COVID-19 a Clinical Case.
So, let's bring all of what we've
learned about COVID-19 together,
with a patient's clinical case and help
sort of apply some of the clinical aspects,
intervention aspects and a prediction
for severe disease aspects,
with this one case.
So, as the case will do, it'll examine
some distinguishing features for
infection by SARS-Coronavirus
II and also hopefully help us,
look at and differentiate from
risk for influenza either A or B,
parainfluenza, rhinovirus and even
other super infecting organisms
and then we'll look at risks for progression
and what happens if and when that happens.
So, here's the case 62 year old man,
comes to our clinic complaining
of fever cough and malaise,
for the last three days.
He lives in a part of the world,
which, has ongoing active transmission
of sorrows SARS-Coronavirus II
and he has not been vaccinated yet.
He's triaged one of the examination rooms,
which, is used for possible COVID-19 patients
and is seen by staff appropriately wearing,
full personal protective equipment.
His initial exam in triage,
shows that he's alert,
he does have fever or 38.6 Celsius
or 101.5 degrees Fahrenheit,
his respiratory rate is 22 per
minute, blood pressure 143 over 92,
his heart rate 98 per minute
and his oxygen saturation,
by pulse oximetry is 96%, both at rest
and when he ambulates into the room.
His history, he had tactile
fever, so not measured,
because of course there's no thermometer at home,
but reports feeling as if he had fever,
has a dry non-productive cough,
but no associated chest pain or
shortness of breath so no dyspnea
and he feels tired he has
malaise, with decreased appetite
and feels like he has the flu.
So, again, let's pick out the
salient and important features,
as you see on the list on the right.
So, he's a 62 year old man, he's not vaccinated
and is at risk for COVID-19,
he has low grade fever
and tactile fever complaints,
with mild increases in his
respiratory rate and blood pressure
and as a stage two level, but,
he has normal oxygen saturation.
From his history he does have
complaints of a cough but it's dry,
non-productive, without any chest pain
or shortness of breath associated,
he has the non-specific
malaise and flu-like illness
and that's about where he's at,
so, it's now time to start to add some questions
to try and exclude additional possibilities.
So, he denies rhinorrhea,
chest pain which we knew about,
he also denies palpitations dizziness
and sweating denies any GI complaints,
such as, nausea, emesis,
diarrhea or abdominal pain,
denies any rashes, no dermatologic findings,
so, no hives rash petechiae jaundice,
he denies confusion or
hallucinations and he denies,
any concerns for kidney disease
and has no decreased urine output.
However, he does endorse a
headache which is diffuse 5/10
and dull, so not throbbing,
he does have muscle aches, he
does have joint complaints,
his past medical history,
he has hypertension, which is well
it's controlled with losartan,
which is an angiotensin II receptor antagonist,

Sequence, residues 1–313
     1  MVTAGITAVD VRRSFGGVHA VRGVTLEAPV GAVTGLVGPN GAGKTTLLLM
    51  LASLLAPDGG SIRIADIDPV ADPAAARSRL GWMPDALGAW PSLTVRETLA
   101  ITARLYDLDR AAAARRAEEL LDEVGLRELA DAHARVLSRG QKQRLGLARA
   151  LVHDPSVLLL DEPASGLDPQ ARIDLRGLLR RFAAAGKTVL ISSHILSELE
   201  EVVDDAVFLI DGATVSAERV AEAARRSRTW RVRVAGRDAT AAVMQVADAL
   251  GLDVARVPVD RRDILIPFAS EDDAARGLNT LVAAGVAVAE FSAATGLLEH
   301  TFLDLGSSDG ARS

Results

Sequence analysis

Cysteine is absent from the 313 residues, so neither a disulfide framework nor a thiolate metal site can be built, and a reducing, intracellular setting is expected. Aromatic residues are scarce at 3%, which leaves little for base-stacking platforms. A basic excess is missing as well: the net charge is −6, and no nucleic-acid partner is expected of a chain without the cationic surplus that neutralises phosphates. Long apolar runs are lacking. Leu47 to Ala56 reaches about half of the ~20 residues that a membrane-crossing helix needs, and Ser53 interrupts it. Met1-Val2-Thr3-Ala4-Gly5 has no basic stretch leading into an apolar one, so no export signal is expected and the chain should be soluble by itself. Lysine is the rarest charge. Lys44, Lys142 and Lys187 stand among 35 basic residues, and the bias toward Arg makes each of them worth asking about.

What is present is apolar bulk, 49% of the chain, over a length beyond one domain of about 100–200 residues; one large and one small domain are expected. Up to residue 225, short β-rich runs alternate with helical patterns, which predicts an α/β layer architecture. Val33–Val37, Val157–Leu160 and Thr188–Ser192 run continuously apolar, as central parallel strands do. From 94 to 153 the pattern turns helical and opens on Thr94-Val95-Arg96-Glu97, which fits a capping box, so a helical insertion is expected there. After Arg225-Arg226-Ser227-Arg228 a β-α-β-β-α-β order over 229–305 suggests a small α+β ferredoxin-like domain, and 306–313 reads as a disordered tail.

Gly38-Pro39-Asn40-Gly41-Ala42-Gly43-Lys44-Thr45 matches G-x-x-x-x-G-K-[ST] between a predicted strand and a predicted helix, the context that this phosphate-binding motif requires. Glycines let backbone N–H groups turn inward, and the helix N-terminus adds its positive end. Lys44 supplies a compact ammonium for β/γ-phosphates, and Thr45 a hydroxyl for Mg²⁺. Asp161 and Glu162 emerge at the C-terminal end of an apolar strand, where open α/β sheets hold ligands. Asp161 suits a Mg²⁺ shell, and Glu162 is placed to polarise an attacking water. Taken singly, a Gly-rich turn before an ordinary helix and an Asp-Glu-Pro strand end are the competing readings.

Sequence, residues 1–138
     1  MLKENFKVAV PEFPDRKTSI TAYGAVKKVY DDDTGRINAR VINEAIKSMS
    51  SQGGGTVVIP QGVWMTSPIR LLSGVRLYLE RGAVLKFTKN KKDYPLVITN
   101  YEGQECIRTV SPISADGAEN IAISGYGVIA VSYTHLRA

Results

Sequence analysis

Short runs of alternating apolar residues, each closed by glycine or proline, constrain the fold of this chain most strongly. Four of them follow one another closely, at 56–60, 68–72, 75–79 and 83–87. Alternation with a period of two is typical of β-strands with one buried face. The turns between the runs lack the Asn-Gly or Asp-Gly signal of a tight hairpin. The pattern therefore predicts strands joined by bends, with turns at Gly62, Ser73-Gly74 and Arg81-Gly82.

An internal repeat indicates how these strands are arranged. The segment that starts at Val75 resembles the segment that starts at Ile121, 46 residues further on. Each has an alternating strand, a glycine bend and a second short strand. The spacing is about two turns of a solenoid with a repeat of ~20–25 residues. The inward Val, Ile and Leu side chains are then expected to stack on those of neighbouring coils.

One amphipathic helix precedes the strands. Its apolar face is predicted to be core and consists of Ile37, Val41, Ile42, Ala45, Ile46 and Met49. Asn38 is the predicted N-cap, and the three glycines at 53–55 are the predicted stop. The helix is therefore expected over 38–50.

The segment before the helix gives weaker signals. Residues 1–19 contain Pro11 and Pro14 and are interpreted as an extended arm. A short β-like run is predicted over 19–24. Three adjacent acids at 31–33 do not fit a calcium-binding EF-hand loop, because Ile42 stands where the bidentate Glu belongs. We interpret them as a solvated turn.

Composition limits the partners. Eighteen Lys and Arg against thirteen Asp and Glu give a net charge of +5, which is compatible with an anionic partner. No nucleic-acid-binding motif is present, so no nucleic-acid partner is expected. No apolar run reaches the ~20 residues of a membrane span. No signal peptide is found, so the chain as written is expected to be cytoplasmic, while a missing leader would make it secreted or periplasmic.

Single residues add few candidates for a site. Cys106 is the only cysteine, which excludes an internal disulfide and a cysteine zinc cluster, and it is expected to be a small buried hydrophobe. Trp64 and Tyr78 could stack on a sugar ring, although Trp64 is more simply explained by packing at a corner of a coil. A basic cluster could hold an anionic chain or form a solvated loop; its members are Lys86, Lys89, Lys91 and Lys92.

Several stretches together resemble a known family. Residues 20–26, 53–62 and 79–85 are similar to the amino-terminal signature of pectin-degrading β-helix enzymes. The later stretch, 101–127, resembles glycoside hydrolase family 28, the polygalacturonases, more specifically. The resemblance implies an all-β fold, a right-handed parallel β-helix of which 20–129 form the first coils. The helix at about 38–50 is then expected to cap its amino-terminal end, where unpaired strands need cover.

we don't know how well controlled it is,
but at least his admission blood
pressure is a little bit elevated,
so, it may not be completely well controlled.
He endorses type 2 non-insulin
dependent diabetes mellitus,
which is, controlled with
diet alone, no medications.
He is a certified public accountant,
married, has two adult children that visit,
that don't wear masks or distance themselves
and keep in mind that they are in a
COVID-19 active environment, right now.
He has not traveled since the start of pandemic,
family history is notable for hypertension,
coronary artery disease diabetes
mellitus and there you go.
So that's his clinical presentation,
so, a whole bunch of non-specifics,
but some important complaints which at least,
have our antenna triggering right now.
Physical examination, his temperature
now is 38.6 Celsius 101.5 Fahrenheit,
his heart rate is noted 98 per minute,
his respiratory rate is 22 per minute
and blood pressure 143 over
92 millimeters mercury.
His head and neck examination is normal,
his chest thankfully is cleared,
his cardiac exam is normal,
with no murmurs, no rubs,
his abdomen soft non-tender,
non-distended, no hepatosplenomegaly
and normal bowel sounds.
Extremities and skin exams are normal
and this neurological exam is non-focal.
So, what about an initial assessment.
Does he have risk factors?
Yes, he does, so he's unvaccinated,
he is in a COVID-19 specific area,
what about his presentation?
There are features of non-specific
presentation, fevers, malaise, myalgias,
his examination is non-specific, so
no red flags or smoking guns, so far.
So, as we're interpreting his presentation,
we need to think then about
the differential diagnosis
and we'll start of course with COVID-19,
since this is a COVID-19 case
I've given it away, sorry.
So, COVID-19 typically will start with a
mild upper respiratory tract infection,
which, would certainly would appear
to be similar to what our patient has.
Influenza, will typically
start with a flu-like illness,
with fevers, myalgias,
polyarthralgia, general malaise,
which, our patient has.
Parainfluenza initially will
start as a flu-like illness